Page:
Beauty of the Alps
On the 14th of January my wife and I were present for the Indianapolis Symphony Orchestra’s playing of the Alpine Symphony by Richard Strauss. It was truly a unique experience. The Symphony played the beautiful music of the Alpine Symphony while pictures of the Alps were being shown on a big screen behind the symphony. It was well timed so that the pictures shown matched the pace and volume of the symphony. The pictures were taken by Tobias Melle.
The music was worth the price of the ticket by itself, but the pictures reminded me of the time my wife and I saw the Austrian Alps at Innsbruck, Austria. The actual visit to the 7,000 foot plateau of the mountains was stunning as were the pictures being shown on the big screen at the Symphony.
This Symphony tribute to the Alpine mountains reminded me of one of the Earth Charter principles I usually do not give sufficient time and thought. It reads as follows: “Secure Earth’s bounty and beauty for present and future generations.”
When we visited the Alps at Innsbruck, I was aware of how little human intrusion had taken place at 7,000 feet. Only the cable car landing and one small restaurant obstructed the breath taking views. As I was awed by the combination of the music and pictures, I hoped that the area we visited was still as undeveloped as it was then.
Imagine with me if we took the approach of the Austrians. What if instead of the being in a hurry to build new projects in our city, we set aside land no longer being used for parks and vegetable gardens. Not only would more safe and healthy food be available, but more green space would be created in our city.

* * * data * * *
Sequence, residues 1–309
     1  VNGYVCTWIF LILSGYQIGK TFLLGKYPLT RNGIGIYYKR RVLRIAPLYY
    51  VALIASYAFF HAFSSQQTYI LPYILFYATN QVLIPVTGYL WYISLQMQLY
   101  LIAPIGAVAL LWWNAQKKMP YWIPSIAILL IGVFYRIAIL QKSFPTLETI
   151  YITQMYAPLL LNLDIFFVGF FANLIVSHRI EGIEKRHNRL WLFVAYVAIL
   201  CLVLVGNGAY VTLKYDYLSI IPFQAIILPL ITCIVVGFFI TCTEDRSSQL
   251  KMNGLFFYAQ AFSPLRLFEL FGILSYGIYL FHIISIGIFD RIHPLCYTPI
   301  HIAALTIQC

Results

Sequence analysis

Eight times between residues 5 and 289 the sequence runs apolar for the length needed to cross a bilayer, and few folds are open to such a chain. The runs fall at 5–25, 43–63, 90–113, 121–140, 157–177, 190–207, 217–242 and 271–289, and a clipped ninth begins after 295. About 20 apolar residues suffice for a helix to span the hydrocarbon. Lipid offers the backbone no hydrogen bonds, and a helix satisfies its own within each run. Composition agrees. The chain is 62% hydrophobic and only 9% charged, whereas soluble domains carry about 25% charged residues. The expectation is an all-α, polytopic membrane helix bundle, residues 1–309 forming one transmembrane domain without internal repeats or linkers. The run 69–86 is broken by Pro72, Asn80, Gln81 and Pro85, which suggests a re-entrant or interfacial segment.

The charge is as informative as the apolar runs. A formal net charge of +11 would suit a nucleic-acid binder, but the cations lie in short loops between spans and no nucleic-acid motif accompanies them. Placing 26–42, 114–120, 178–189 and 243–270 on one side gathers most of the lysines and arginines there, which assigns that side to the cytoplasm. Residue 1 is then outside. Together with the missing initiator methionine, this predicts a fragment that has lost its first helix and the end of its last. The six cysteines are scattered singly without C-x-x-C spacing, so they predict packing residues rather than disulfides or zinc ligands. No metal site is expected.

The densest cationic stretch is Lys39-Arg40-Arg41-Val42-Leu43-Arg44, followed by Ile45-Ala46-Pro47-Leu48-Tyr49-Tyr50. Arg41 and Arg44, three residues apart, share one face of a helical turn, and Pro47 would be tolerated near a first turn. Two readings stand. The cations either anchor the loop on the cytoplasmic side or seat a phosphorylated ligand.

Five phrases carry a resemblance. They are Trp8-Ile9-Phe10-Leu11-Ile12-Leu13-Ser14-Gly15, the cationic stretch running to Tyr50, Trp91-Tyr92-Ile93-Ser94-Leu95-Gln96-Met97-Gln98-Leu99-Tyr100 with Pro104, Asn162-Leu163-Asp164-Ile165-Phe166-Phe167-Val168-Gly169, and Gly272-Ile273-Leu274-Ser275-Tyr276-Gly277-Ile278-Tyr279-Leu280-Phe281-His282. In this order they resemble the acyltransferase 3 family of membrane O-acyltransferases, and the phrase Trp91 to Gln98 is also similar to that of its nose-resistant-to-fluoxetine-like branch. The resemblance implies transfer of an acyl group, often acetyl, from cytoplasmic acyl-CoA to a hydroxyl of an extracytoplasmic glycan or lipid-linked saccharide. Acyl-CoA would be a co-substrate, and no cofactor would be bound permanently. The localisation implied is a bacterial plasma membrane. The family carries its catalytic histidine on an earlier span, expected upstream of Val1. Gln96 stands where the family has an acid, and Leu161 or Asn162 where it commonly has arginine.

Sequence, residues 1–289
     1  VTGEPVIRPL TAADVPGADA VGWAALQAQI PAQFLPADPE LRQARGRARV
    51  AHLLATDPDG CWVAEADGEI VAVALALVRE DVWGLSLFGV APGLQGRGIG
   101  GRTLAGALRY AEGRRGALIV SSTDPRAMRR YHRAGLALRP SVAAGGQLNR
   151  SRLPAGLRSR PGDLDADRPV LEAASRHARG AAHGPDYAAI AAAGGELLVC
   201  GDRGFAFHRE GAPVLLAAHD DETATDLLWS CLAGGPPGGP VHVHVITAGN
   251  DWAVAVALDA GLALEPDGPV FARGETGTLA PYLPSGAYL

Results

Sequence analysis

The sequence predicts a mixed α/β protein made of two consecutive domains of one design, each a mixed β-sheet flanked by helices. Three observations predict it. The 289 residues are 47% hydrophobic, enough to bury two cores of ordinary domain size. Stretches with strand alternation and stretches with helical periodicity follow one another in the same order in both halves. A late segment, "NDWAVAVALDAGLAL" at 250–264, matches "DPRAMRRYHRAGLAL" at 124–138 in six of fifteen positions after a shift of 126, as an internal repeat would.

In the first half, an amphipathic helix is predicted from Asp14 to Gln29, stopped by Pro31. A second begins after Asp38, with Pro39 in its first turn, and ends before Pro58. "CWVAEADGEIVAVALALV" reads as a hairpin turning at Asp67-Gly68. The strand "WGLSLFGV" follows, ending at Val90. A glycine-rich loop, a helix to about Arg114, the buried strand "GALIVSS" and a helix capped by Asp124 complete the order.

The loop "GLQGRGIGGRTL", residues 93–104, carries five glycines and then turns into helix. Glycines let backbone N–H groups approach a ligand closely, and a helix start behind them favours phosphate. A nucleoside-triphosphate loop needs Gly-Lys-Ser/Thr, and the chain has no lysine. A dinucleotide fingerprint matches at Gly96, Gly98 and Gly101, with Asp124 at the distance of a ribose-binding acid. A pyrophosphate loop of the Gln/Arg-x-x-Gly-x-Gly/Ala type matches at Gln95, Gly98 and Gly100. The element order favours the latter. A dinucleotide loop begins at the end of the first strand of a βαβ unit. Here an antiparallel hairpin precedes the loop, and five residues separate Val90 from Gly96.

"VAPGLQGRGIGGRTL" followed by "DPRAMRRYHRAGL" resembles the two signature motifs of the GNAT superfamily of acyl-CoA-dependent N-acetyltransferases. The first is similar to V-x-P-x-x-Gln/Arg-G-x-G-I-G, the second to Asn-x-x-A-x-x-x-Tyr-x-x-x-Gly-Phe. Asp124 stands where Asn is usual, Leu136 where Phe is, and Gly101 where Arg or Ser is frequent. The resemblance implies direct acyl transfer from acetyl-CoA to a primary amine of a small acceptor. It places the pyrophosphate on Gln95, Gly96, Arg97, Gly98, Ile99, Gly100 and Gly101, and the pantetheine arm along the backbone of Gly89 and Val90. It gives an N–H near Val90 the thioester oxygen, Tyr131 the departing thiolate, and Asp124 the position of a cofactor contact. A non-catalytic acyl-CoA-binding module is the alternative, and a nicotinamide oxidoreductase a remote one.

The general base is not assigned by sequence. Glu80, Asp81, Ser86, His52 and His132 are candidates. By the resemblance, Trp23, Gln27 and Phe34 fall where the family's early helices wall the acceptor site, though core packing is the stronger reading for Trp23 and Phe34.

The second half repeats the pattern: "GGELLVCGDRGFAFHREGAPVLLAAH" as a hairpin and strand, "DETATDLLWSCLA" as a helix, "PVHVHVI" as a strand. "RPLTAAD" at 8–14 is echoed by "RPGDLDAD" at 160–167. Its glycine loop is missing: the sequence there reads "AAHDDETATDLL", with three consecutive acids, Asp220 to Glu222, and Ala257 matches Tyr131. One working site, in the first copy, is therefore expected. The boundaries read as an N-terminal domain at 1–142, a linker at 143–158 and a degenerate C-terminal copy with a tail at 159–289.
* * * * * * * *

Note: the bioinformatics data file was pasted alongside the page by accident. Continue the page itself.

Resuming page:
Not far from our house is a site that a developer wanted to turn into a 100 apartment complex with first floor retail. The argument put forth by the developer was that the neighborhood needed more people in the area to support the IndyGo Red Line. A better alternative, according to the Earth Charter, would be a mini-park or a vegetable garden. Yes, I know that people need to learn to grow their own food, but what better way than local gardens.
Additional green space is more earth friendly than another apartment complex. The good news is the neighborhood organized and prevented the proposed development. We are working to prevent the second developer from harming our neighborhood. Now is the time to be brave and resist all attempts to harm the beauty and bounty of Mother Earth.
For our all our neighbors, family and friends;
Our friends from Hoosier Environmental Council are teaming up with our friends from Carmel Green Initiative to stage a Sustainable Living Seminar with a focus on climate change, Feb. 15, 6:30-8:30 p.m., Carmel Clay Public Library. Go here for more info.